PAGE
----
Motor Design Classes
Since different applications need different characteristics from induction motors, the National Electical Manufacturers Association (NEMA), a US organization, has specified different classes of induction motor, with different characteristics. Typical torque speed-curves for classes A-D are sketched below.
Motor Classes A and D are obtained by designing the rotor resistance to be either low (class A) or high (class D). Classes B and C are obtained by exploiting the effect of skin depth to obtain a variable resistance rotor circuit. Example rotor conductor designs for classes A through D are shown below. Comparing classes A and B, class B has a deeper bar to exploit skin depth effects. The bar width may vary in order to enhance this effect. Class C rotors are typically fabricated with two seperate cages. Only the outer cage will conduct at starting. There is air between the cages and at the top of the slot (to reduce leakage flux). Note that cast rotor designs must have a closed slot design to prevent molten aluminum from escaping. Class D has a small conductor, giving a high resistance at all slips. The class D example shown has an open slot, for a fabricated rotor design.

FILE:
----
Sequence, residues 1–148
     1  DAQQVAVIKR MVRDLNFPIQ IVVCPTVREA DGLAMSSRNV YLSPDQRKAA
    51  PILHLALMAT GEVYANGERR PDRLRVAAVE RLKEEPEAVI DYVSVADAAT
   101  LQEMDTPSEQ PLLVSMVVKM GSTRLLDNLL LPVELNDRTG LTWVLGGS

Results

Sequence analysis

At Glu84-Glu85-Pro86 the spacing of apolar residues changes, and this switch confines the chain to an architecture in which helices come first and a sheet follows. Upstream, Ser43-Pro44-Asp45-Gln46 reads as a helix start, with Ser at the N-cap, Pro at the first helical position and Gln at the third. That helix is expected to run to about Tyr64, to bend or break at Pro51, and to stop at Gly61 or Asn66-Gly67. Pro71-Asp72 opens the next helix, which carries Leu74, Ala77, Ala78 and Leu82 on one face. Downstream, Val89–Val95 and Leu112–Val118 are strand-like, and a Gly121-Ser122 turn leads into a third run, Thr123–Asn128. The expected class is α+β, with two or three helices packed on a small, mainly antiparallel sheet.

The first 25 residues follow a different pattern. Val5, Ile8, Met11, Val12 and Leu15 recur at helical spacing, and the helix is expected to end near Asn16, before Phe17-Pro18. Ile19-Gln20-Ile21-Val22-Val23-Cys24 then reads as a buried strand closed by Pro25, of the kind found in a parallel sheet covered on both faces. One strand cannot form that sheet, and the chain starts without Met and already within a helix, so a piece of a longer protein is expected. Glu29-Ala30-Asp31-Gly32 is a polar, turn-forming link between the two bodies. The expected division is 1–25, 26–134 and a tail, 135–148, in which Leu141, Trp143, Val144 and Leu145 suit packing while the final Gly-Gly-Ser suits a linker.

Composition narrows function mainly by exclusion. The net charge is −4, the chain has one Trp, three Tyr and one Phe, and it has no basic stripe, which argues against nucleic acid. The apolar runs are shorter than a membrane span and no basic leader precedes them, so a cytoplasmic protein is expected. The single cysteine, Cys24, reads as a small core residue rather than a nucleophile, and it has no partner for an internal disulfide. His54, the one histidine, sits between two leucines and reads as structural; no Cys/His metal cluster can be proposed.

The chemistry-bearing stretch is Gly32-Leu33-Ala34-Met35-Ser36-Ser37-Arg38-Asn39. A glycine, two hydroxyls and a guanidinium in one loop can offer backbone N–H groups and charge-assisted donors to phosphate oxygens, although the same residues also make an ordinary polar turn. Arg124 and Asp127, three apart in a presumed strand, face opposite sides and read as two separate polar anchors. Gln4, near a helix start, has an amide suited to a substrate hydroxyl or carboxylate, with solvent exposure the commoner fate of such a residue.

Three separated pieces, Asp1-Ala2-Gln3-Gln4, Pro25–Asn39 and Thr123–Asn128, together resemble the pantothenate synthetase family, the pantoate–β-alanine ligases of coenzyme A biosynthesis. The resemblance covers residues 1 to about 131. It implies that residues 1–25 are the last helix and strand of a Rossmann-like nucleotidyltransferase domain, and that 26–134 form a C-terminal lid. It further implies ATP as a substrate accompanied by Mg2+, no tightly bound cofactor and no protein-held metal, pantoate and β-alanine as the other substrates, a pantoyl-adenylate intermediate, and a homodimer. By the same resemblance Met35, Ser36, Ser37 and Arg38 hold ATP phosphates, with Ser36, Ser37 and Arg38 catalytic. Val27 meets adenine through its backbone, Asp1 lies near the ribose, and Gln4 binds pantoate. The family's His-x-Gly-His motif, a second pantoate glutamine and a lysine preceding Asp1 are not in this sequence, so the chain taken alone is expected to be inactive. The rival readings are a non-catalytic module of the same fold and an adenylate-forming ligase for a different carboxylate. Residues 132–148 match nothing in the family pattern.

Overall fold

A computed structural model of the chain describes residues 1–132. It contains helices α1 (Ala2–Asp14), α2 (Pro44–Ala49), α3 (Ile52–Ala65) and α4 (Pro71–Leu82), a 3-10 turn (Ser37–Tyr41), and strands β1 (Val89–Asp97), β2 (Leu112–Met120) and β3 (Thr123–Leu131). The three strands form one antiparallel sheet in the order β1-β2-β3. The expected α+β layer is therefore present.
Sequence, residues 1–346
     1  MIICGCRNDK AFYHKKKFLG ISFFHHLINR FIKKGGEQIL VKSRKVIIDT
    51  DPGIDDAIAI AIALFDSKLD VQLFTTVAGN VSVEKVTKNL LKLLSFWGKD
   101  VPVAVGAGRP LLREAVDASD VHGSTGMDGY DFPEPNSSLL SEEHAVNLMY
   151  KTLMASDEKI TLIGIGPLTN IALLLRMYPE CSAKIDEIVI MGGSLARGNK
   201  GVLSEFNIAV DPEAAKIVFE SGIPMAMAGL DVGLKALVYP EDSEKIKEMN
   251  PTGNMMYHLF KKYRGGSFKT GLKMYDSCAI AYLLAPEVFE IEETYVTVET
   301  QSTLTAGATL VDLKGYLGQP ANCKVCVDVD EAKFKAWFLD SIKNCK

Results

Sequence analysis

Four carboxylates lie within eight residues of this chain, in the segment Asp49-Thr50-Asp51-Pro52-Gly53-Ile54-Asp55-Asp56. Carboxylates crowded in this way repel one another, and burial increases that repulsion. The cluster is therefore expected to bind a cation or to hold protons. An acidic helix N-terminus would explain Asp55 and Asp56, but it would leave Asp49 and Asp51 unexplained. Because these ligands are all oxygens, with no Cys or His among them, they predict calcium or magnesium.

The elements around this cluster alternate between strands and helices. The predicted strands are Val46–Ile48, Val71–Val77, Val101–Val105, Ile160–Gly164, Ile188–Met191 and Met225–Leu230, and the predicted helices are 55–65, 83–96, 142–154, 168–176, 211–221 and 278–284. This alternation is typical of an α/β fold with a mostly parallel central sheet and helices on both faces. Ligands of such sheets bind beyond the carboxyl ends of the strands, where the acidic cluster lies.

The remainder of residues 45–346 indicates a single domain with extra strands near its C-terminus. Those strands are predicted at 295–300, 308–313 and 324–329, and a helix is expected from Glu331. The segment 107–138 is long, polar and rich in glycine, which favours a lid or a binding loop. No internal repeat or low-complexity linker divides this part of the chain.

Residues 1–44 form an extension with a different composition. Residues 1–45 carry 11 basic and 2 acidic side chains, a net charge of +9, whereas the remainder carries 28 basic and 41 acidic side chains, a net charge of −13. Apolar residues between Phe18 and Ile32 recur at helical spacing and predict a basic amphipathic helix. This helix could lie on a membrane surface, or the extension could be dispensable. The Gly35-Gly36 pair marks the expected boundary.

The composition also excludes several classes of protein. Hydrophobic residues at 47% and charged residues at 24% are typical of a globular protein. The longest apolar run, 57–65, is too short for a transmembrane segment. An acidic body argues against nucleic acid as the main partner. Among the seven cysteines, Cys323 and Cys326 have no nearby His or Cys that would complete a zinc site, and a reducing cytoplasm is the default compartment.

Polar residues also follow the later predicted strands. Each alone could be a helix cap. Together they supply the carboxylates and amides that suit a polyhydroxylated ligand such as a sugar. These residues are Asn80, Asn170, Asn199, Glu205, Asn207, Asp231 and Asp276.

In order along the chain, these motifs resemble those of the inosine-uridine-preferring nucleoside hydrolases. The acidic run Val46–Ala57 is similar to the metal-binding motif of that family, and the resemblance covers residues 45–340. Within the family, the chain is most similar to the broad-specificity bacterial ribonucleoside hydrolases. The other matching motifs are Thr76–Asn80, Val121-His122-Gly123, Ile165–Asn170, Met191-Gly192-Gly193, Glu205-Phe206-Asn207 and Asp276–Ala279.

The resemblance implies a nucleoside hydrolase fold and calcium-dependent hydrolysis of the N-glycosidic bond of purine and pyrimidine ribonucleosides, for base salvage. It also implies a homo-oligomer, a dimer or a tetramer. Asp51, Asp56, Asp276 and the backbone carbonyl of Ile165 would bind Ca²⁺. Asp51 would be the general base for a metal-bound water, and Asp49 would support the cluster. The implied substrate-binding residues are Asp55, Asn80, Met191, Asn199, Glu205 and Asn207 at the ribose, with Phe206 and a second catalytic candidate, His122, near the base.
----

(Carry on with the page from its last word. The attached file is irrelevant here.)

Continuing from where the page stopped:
A summary of the performance of the motor classes is provided in the table below
|Class A||Class B||Class C||Class D|
|Type||General Purpose||General Purpose||High Starting Torque||Very High Starting Torque|
|Start Torque||100% rated for larger motors, 200% rated, smaller motors||100% rated for larger motors, 200% rated, smaller motors||Approx 250% rated||> 275% rated|
|Start Current||˜800% rated||500%-600% rated|
|Pullout Torque||200%-300% rated||≥200% rated||Slightly lower than class A|
|Pullout Slip||<0.2||<0.2||High, can be as much as 1.0|
|Rated Slip||<0.05, lower than similar sized class B||must be <0.05, usually <0.03||<0.05, higher than class B||High, typically 0.07 to 0.11, can be up to 0.17|
|Applications||Fans, Blowers, Pumps, Machine Tools||As for Class A||Compressors, pumps, conveyors||High inertia applications, e.g. mechanical punches|
|Notes||High starting inrush current causes power system problems, it can cause the supply voltage to sag and requires special starting techniques. More efficient than same sized class B||Replacemesnt for Class A due to lower start current. The standard off-the shelf commodity motor.||Applications that require high start torques. Note that the pullup and pull-out torque can both be lower than the start torque. Less efficienct than class B||Very high inertia applications. e.g. in a punch or reciprocal pump where the slip may vary between 0 and 0.50 Much less efficient than other designs|